The Islamic Revolution of 1979 overthrew the Iranian monarchy and installed a clerical regime that upset centuries of Shia clerical tradition regarding politics. Traditionally, the Shiite clergy had refrained from exercising formal political or executive power in state institutions. the Supervision of the lawyer, the core tenet of clerical rule in Iran, rejected the dominant apolitical inclinations of the Shia clerical establishment, arguing instead that only high-ranking clerics are qualified to exercise political authority as leaders of an Islamic state. The establishment of a Shia clerical theocracy has fundamentally shaped Iranian society, clerical-secular relations, and regional politics since 1979.
However, unfavorable domestic trends call into question the viability and longevity of legal guardianship as a political model, offering US and Iranian actors an opportunity to accelerate its decline and promote viable alternatives. The repressive regime of the Islamic Republic in the country has generates a decline in religiosity among Iranians, signifying the disaffection of the population for the marriage of religion and politics. In addition, the rise of the military class of the Islamic Revolutionary Guard Corps (IRGC) and the diminishing the social stature of the clergy raises questions about the future of the legal guardianship model.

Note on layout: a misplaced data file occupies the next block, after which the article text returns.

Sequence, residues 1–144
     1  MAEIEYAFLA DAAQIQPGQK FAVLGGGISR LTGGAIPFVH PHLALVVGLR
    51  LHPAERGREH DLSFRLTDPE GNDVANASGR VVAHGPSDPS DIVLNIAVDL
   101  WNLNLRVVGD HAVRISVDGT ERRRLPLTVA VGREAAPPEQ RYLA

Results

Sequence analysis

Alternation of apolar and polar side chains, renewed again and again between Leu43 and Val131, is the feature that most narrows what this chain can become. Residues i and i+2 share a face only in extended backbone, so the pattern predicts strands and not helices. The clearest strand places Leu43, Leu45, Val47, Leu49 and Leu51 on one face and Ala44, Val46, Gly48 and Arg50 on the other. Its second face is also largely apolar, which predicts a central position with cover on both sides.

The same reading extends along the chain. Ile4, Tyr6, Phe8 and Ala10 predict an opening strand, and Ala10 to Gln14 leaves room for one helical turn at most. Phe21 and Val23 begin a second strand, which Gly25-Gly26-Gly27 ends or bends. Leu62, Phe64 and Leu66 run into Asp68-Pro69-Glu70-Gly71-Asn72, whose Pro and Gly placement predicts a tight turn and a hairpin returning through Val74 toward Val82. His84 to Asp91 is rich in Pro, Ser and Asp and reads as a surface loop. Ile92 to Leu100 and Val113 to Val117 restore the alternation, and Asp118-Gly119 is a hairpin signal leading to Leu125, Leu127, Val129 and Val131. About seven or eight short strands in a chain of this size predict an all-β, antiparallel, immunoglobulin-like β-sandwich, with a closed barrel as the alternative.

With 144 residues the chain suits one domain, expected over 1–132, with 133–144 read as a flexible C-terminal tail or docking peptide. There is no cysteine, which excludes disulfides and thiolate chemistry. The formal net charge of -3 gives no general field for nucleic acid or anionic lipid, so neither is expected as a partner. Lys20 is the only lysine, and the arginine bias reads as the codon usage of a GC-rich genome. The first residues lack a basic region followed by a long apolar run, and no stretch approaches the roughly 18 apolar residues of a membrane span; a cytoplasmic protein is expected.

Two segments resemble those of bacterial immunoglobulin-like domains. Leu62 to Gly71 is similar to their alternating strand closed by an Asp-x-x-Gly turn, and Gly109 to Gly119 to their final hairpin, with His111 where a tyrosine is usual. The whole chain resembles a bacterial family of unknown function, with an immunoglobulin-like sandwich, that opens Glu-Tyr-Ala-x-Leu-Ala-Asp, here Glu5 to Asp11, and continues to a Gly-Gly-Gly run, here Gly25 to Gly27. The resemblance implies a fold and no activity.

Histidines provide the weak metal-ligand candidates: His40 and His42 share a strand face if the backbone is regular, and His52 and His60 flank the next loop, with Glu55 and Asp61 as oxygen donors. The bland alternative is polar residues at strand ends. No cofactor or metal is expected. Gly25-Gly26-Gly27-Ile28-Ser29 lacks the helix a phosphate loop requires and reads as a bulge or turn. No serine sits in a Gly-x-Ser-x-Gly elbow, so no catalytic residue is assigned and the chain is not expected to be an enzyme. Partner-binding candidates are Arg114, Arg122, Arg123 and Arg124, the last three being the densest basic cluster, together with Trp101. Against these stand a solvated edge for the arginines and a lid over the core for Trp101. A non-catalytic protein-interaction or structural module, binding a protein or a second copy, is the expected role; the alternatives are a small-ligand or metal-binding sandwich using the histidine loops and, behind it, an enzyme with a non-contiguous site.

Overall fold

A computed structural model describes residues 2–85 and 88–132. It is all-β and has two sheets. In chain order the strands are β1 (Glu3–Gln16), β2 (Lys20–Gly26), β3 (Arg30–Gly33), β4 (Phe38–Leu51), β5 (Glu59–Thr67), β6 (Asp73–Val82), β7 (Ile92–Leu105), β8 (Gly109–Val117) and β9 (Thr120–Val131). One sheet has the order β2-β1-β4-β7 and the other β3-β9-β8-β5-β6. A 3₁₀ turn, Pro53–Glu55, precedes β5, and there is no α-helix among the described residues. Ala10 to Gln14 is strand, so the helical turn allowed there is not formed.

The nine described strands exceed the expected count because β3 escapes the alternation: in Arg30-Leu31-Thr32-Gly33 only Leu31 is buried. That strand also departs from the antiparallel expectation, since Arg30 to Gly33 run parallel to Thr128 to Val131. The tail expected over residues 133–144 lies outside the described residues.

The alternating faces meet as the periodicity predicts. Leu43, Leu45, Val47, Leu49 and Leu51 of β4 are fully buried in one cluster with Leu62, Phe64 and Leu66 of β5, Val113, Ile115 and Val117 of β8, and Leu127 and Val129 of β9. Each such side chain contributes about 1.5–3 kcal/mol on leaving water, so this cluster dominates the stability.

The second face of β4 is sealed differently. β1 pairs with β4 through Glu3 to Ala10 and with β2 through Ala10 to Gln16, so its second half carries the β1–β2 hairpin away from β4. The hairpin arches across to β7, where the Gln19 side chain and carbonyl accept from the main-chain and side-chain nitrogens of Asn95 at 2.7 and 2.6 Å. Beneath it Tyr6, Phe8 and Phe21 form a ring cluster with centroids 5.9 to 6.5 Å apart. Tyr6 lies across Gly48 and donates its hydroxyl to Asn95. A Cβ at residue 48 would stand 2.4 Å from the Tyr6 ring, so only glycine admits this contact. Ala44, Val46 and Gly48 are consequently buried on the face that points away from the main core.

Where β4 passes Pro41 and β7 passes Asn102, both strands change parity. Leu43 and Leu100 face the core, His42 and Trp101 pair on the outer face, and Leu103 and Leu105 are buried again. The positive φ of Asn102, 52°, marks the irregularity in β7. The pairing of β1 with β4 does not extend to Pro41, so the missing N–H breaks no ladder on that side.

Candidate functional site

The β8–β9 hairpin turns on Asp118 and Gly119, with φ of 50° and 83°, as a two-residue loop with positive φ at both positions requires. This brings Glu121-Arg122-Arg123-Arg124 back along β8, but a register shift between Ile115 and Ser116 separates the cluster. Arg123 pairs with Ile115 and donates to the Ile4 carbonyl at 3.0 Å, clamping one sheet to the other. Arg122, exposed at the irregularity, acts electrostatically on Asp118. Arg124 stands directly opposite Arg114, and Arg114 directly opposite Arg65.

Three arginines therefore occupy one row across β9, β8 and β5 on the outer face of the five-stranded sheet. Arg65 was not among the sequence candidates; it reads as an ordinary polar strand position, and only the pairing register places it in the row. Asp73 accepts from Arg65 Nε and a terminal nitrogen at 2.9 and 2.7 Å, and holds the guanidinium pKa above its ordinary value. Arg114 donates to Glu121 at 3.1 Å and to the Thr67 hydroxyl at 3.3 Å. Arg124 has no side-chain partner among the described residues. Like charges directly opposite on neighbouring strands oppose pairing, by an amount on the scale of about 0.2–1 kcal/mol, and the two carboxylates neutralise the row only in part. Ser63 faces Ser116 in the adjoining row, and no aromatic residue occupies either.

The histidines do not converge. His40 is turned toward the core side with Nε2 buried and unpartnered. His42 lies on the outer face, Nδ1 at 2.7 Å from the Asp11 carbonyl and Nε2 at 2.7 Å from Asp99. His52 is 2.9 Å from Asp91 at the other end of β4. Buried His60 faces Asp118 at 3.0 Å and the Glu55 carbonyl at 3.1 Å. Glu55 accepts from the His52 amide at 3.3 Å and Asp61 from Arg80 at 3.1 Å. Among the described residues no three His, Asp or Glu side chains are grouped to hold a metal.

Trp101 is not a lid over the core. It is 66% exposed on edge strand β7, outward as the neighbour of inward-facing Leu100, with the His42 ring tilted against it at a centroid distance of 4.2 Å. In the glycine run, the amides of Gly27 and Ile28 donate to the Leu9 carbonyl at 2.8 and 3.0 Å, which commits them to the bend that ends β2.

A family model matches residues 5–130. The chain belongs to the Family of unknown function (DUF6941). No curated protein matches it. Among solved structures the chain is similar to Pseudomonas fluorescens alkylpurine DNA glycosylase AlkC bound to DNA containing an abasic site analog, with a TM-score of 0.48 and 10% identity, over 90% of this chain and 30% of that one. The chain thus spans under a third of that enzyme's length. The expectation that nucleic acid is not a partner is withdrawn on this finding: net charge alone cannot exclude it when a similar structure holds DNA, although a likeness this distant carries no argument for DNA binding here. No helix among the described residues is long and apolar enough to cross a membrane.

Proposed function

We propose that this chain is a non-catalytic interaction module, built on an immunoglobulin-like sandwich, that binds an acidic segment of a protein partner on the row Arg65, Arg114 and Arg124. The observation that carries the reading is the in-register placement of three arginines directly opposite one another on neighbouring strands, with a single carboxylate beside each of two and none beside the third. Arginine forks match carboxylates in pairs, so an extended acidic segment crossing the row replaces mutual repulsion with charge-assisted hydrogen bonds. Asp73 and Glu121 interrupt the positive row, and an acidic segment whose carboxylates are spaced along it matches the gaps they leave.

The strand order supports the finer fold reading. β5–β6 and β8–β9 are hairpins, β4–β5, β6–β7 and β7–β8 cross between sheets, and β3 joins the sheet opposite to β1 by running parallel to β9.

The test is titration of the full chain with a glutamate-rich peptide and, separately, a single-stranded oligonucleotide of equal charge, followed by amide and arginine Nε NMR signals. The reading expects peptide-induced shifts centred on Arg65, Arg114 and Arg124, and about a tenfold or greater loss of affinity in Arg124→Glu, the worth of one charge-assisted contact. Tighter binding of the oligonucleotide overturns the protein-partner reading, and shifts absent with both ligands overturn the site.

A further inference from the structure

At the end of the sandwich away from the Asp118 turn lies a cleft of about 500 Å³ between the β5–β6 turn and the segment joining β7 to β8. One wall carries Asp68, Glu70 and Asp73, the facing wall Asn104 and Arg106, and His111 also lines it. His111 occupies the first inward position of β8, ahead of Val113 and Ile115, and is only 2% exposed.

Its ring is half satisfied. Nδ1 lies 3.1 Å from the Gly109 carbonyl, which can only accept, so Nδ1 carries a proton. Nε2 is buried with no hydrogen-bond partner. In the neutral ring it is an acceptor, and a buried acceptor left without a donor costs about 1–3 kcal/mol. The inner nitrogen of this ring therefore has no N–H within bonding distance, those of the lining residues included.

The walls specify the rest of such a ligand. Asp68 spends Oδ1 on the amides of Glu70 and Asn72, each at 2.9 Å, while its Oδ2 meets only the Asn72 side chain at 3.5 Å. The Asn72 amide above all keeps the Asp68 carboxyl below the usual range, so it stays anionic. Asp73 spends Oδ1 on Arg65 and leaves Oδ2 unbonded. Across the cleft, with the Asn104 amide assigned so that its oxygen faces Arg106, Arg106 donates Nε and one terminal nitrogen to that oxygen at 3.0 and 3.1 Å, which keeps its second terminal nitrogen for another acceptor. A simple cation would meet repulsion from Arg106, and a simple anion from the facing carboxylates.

The regime’s clerical veneer belies the growing militarization of Iranian politics and the dependence of Iranian extremists on the IRGC for the security of the regime. The religious references of Supreme Leader Ayatollah Ali Khamenei have always been a source of insecurity for the Supreme Leader and the regime, galvanizing Khamenei to centralize control over clerical institutions and use the security establishment to underpin his position. As a middle-ranking cleric at the time of his selection as Supreme Leader in 1989, Khamenei did not hold the religious rank of Ayatollah or command a large religious audience, making his selection as Khomeini’s successor and granting subsequent to the title of Ayatollah an overtly political character. move, not one rooted in religious considerations. This dynamic informs Khamenei’s close relationship with the IRGC and has precipitate the organization’s growing dominance in Iranian politics.
Complementing their preeminence in Iranian foreign policy and the security sphere, the IRGC penetrates the Iranian political architecture, a dynamic very visible in the Iranian parliament. The speaker of parliament is IRGC Brigadier General Mohammad Bagher Qalibaf, and two-thirds of the presidium positions under his leadership are busy by former members of the IRGC. These leadership changes coincide with the downward trend in parliamentary officers and the growing presence of former IRGC and Basij and grassroots members. In addition, potential candidates and pioneers for the upcoming Iranian presidential elections in June 2021 greet a history of the Revolutionary Guards, demonstrating how the IRGC experience is slowly shifting office ties as a stepping stone for political advancement. Given the IRGC’s political influence and security functions, the institution is well positioned to strongly influence the upcoming succession process, an important step in the future of the legal guardianship model.